Return to work after coronary angioplasty: A report from the national heart, lung, and blood institute percutaneous transluminal coronary angioplasty registry

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      Employment status was analyzed in 2,250 patients enrolled at 65 clinical centers in the NHLBI PTCA Registry. Patients were classified into 3 groups depending on the outcome of PTCA. In 63.6%, PTCA was successful without MI or CABG (Group A); in 25.3%, PTCA was unsuccessful and was followed by CABG (Group B); and in 11.1%, PTCA was unsuccessful and was followed by medical therapy alone (Group C). At entry, 68.3% of all patients were employed full- or part-time. The clinical characteristics of the 3 groups were different. Patients in Group C had a higher incidence of previous MI and previous CABG. In addition, patients in Group C had a significantly decreased baseline employment rate compared with those in Group A. At a mean follow-up of 1.5 years, there was a small but similar decrease in the percentage employed fullor part-time in all groups.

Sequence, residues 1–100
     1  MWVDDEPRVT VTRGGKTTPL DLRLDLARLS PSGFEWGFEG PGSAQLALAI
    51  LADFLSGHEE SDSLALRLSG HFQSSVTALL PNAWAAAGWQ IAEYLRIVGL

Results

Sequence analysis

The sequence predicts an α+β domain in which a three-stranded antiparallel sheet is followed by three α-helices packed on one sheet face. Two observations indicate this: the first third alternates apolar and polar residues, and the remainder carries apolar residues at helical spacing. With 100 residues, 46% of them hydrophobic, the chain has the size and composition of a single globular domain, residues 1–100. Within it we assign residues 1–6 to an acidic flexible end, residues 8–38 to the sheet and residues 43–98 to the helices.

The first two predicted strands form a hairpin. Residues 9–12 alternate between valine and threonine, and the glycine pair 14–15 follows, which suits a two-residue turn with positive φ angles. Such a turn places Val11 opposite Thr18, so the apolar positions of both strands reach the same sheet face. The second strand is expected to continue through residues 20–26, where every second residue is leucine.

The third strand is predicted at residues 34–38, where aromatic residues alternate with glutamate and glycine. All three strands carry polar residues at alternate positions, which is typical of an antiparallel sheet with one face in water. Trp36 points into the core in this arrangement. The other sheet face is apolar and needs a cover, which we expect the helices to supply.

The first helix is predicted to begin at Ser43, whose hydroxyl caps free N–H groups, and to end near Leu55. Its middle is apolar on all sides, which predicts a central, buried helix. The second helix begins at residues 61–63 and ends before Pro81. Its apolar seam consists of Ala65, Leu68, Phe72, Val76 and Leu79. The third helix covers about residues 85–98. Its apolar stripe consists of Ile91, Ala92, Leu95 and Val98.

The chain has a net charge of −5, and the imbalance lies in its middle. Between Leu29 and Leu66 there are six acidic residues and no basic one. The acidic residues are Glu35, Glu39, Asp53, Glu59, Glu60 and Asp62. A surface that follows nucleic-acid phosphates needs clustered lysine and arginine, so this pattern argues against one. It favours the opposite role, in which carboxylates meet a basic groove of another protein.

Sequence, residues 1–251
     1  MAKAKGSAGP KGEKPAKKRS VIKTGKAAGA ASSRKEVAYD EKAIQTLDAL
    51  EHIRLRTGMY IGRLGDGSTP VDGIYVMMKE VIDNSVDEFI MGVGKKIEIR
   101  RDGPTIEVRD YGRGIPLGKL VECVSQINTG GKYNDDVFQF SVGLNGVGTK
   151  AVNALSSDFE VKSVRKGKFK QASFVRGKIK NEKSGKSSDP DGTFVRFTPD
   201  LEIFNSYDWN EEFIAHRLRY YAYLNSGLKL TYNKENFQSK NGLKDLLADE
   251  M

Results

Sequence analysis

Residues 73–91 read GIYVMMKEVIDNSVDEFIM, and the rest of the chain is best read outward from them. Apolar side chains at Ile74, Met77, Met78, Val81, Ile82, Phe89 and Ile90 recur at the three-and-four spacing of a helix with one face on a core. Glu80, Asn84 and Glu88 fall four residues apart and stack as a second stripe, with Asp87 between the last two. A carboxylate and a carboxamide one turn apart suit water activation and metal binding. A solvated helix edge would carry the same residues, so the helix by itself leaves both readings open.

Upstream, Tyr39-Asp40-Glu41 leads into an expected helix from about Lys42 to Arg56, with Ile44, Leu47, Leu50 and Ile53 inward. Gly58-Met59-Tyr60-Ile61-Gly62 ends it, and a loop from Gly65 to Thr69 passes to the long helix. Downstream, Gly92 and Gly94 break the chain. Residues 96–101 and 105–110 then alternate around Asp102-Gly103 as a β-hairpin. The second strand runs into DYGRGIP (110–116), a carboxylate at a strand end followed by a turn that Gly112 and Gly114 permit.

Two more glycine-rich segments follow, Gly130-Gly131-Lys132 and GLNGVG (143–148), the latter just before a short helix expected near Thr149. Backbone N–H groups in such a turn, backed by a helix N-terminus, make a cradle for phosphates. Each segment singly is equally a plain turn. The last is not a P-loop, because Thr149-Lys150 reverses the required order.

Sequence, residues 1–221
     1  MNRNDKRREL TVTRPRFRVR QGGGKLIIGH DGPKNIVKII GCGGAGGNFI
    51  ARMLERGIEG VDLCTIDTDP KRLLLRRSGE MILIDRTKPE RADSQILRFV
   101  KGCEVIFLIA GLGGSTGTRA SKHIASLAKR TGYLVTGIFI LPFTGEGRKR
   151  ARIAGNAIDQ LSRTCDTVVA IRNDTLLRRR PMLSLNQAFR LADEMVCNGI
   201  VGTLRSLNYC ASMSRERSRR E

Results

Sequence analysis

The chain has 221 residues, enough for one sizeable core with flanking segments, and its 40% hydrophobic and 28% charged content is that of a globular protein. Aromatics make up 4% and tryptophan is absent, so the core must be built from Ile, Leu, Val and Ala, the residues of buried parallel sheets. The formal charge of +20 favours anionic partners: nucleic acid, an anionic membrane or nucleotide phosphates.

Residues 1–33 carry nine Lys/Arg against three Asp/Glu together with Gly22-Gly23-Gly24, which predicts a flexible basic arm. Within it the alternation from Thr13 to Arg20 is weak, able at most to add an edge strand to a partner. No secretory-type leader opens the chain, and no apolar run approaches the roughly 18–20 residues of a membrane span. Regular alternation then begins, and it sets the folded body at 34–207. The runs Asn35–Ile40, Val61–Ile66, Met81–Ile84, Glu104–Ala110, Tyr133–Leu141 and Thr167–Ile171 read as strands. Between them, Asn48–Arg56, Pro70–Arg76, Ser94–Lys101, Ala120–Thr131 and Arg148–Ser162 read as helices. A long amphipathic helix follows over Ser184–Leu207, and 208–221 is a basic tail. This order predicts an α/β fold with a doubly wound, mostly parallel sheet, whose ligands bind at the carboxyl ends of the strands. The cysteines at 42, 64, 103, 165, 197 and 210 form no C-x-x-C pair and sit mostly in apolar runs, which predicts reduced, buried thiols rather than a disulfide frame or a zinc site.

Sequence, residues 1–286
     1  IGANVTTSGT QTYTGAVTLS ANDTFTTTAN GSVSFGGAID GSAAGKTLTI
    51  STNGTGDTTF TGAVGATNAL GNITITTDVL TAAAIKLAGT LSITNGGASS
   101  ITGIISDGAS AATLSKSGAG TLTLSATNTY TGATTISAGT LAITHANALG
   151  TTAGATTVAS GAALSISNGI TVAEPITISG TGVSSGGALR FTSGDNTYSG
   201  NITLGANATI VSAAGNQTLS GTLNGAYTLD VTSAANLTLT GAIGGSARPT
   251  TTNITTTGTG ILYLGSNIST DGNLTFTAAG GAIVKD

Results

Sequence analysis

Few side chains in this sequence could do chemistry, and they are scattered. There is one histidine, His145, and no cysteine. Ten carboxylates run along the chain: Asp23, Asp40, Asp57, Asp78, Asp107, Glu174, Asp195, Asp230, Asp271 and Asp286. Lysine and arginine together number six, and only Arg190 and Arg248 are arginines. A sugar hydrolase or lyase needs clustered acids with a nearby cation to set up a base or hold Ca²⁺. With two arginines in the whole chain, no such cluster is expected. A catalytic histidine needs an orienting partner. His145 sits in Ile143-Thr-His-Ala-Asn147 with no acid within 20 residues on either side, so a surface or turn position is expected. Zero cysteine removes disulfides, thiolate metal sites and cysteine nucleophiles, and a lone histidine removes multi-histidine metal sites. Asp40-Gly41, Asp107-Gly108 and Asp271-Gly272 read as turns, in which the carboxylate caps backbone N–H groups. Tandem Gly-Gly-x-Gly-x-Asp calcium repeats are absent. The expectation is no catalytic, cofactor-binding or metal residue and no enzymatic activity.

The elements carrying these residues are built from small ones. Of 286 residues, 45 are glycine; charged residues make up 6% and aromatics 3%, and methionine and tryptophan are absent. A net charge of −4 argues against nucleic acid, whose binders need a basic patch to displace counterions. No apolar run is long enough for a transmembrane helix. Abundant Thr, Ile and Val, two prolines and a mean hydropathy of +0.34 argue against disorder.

Employment status also was analyzed in a subset of 1,150 patients working full- or part-time at baseline and aged 60 years or younger, who would be expected to have the highest return to work rates. At a mean follow-up of 1.4 years, 81 to 86% of patients remained working irrespective of the outcome of PTCA. However, patients with successful PTCA returned to work significantly sooner. The occurrence of chest pain during follow-up in these patients was an important predictor of return to work, irrespective of the outcome of dilatation. In patients with chest pain during follow-up, only 77% were working, compared with 90% of patients who had not had chest pain.
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